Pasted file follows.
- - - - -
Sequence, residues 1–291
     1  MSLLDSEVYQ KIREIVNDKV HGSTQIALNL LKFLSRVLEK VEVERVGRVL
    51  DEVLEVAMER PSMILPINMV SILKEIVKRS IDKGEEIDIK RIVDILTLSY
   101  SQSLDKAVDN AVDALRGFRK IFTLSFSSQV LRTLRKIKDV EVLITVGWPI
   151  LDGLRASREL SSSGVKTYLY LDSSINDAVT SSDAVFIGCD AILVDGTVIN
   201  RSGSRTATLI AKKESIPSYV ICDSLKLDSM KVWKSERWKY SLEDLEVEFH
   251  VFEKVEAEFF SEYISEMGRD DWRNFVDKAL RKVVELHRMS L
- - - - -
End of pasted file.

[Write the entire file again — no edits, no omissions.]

Sequence, residues 1–291
     1  MSLLDSEVYQ KIREIVNDKV HGSTQIALNL LKFLSRVLEK VEVERVGRVL
    51  DEVLEVAMER PSMILPINMV SILKEIVKRS IDKGEEIDIK RIVDILTLSY
   101  SQSLDKAVDN AVDALRGFRK IFTLSFSSQV LRTLRKIKDV EVLITVGWPI
   151  LDGLRASREL SSSGVKTYLY LDSSINDAVT SSDAVFIGCD AILVDGTVIN
   201  RSGSRTATLI AKKESIPSYV ICDSLKLDSM KVWKSERWKY SLEDLEVEFH
   251  VFEKVEAEFF SEYISEMGRD DWRNFVDKAL RKVVELHRMS L